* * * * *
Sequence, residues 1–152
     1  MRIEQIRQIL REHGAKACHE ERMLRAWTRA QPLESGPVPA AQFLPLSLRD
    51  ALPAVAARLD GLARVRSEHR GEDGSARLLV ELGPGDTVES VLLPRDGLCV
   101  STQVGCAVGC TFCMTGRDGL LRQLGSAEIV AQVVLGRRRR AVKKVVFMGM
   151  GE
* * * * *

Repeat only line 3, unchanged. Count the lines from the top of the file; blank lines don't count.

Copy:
    51  ALPAVAARLD GLARVRSEHR GEDGSARLLV ELGPGDTVES VLLPRDGLCV